Often, entrepreneurs get started on their path when they realize the opportunities in a particular market. Similarly, an established entrepreneur, Candice Simons, the President and CEO of Brooklyn Outdoor, recognized the gap in the out-of-home industry and started her outdoor advertising company in her home state, Michigan. In an interview with Insights Success, Candice reveals her entrepreneurial journey and her ways of mentoring her team in order to expand the company’s capabilities. Considering her urge to run a business and her novel approach of leading the company, Insights Success recognized Candice as one of the most Innovative CEOs of 2018.
Below are the highlights from the interview conducted between Candice and Insights Success:
Give us a brief overview of your background and your role in Brooklyn Outdoor.
I moved to Chicago in 2013 when I transferred from Michigan State University to DePaul University to finish my bachelor’s in Marketing and Sales. I stayed in Chicago for about 10 years before my heart pulled me back to Detroit. I gained a lot of knowledge and experience while working in OOH industry in Chicago. This gave me the ability to recognize the gap in OOH industry that was the perfect fit for an independent agency such as Brooklyn Outdoor. That is what sparked by decision to take a leap of faith to start my own company – making Detroit once again my home, and the home of Brooklyn Outdoor.
How do you diversify your solutions that appeal to your target audience?
Each client has a unique brand and client profile. Therefore, it’s essential to make sure each client has an ad campaign that is as individually unique. When clients approach Brooklyn Outdoor to create a campaign, they know they are not working with a traditional advertising company. And, if they don’t, they soon find out. We’re all about creating opportunities where they didn’t exist before. This means looking through a lens that provides a new view on marketing by enlisting local artists to collaborate with national companies.
Describe some of the vital attributes that every CEO should possess.
It’s important for CEO’s to act as influencers, not as managers. CEO’s should act as motivators and modelers, so their employees act in the best interest of their company when they are not around. Leaders should be considerate, trusting and inspiring. It’s vital to not only set goals for employees, but to show the path to achievement.
Most importantly, CEO’s should always maintain a student mentality. Always seek ways to become a better leader – read, listen to podcasts, and attend workshops. They should be the good in the company they want to see reflected through their employees.
What were the past experiences, achievements or lessons that shaped your journey?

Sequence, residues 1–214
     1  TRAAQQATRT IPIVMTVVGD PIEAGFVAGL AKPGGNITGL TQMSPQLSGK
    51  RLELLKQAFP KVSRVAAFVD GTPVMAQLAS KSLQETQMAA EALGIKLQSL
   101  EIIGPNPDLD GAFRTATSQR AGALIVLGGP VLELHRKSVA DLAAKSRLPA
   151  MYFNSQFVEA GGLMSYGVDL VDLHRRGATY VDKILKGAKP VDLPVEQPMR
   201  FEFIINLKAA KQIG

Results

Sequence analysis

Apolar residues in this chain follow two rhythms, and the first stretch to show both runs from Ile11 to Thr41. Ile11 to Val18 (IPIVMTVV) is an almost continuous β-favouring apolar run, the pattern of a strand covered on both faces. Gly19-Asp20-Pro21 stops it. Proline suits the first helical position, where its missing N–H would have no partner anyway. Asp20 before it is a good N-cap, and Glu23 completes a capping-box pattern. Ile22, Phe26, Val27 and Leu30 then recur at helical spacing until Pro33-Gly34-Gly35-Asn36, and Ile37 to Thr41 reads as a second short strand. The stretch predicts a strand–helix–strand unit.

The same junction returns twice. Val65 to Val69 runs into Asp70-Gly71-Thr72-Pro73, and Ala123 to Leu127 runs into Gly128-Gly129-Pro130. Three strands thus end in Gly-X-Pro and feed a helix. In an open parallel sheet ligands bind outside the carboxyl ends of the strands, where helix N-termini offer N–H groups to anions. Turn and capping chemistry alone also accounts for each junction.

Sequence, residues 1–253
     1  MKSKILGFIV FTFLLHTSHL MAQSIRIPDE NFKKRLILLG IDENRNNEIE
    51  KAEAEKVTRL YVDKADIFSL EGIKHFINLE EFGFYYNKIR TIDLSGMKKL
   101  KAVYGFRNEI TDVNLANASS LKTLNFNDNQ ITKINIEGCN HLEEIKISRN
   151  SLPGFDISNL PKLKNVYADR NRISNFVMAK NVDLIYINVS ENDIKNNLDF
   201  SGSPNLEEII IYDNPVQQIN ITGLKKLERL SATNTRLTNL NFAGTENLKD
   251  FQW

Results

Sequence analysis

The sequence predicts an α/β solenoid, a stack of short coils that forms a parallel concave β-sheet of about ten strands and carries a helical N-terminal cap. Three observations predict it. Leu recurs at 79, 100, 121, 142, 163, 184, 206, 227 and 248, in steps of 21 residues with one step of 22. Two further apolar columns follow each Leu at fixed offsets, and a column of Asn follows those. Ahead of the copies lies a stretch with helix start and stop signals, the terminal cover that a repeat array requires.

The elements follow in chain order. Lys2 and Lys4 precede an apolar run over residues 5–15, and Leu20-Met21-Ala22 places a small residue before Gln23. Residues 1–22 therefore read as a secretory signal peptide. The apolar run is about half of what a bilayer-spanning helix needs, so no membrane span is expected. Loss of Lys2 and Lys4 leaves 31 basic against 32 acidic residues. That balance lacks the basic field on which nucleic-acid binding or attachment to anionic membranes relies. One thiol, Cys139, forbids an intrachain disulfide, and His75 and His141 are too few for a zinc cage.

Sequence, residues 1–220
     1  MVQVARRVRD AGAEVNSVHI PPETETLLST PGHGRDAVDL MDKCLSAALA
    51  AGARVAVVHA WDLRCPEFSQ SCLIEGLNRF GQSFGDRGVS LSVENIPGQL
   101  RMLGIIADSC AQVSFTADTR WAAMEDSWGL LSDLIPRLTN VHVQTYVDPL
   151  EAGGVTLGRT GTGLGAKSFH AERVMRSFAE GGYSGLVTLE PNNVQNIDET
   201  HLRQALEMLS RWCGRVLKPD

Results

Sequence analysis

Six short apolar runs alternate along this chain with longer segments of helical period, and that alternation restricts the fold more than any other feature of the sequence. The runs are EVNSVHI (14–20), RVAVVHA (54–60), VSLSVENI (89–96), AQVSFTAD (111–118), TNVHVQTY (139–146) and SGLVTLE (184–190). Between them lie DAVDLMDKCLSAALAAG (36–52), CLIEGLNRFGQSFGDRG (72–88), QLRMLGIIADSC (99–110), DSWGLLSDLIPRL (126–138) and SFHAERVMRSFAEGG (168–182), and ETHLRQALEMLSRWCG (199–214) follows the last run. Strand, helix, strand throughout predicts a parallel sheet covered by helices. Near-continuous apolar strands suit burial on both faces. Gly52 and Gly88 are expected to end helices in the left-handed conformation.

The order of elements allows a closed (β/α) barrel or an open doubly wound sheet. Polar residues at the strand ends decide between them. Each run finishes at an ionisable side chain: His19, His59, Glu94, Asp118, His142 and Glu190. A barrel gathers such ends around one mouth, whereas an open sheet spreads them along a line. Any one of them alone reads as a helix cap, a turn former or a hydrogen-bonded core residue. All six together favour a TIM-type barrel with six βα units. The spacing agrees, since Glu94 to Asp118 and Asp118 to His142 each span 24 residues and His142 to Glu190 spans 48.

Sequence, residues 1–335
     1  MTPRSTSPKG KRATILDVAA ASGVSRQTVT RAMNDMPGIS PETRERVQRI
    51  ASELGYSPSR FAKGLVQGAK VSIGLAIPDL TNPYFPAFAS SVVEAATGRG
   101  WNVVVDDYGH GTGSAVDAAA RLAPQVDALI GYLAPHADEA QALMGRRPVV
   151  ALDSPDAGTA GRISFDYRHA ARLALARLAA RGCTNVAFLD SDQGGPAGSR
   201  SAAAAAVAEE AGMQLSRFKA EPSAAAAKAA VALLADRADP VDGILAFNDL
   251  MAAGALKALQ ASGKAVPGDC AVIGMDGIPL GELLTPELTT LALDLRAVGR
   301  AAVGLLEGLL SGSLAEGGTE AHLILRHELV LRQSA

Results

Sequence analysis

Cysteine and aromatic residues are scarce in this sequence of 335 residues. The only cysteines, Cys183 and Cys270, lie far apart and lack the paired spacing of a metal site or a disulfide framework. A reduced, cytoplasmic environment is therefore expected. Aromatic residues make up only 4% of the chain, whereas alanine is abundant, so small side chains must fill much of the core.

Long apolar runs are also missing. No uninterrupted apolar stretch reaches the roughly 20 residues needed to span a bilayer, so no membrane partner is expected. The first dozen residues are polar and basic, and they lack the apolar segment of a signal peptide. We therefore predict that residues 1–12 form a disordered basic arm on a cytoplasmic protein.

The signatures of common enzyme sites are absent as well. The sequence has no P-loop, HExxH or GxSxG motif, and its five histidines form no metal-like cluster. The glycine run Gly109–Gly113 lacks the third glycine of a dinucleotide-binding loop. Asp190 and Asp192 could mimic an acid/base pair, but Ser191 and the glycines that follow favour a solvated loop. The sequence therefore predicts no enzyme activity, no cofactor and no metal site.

One experience that has helped shape my journey is being a mentor. I knew mentorship would come with teaching others, but I didn’t know how much it would teach me in return.
There are situations while mentoring when I need to give confidence boosts and words of encouragement. I find it a lot easier to tell others to remove doubts about themselves than it is to with yourself. This is a reminder to be a little kinder when it comes to self-compassion and confidence. The achievement that has helped shape my journey is the point where our staff went from four to twelve. It has been a challenge and an achievement beyond my wildest dreams.
As much as you try to make the right decisions in business – mistakes are inevitable. One lesson I learned is integrity is key. Instead of looking at mistakes as failures, look at them as learning opportunities. Own up when you mess up and remain forthright. Not every business relation can be saved when these situations happen, but if you remain genuine it speaks volumes about your character.
What were some of the primal challenges and roadblocks that you faced during the initial phase of your journey?
Being an entrepreneur takes a lot of tenacity and determination. With this comes a “do it myself,” type of mentality. Realizing you can’t do it all yourself presents a challenge when you have to learn to let go of control and put trust in someone else.
A roadblock is also presented when your business opportunities are expanding, but you don’t have the financial capital to perform at 100 percent. There is a huge lesson in self-sacrifice for the greater good of your business overall and to be always willing to put your employees and clients first with yourself last.
Where does Brooklyn Outdoor see itself in the near future and how will you catalyze the change?
In the near future I see Brooklyn Outdoor expanding into new locations from coast-to-coast. I foresee our growth allowing for the creation of new roles within the company and the on boarding of new employees. This will allow us to expand our capabilities in OOH advertising and put more investment into events and media.
All of which will be made possible through continuously working to establish and build upon strong client and vendor relations. This will also be the catalyst at which we are able to increase brand awareness and credibility.
What is your advice for the emerging entrepreneurs?
My advice to young entrepreneurs is to find a group of likeminded people to surround yourself with. Having a network of people who are experiencing similar challenges and triumphs reminds you that you’re not alone. It will provide you with a sense of connectedness and a resource for advice and inspiration.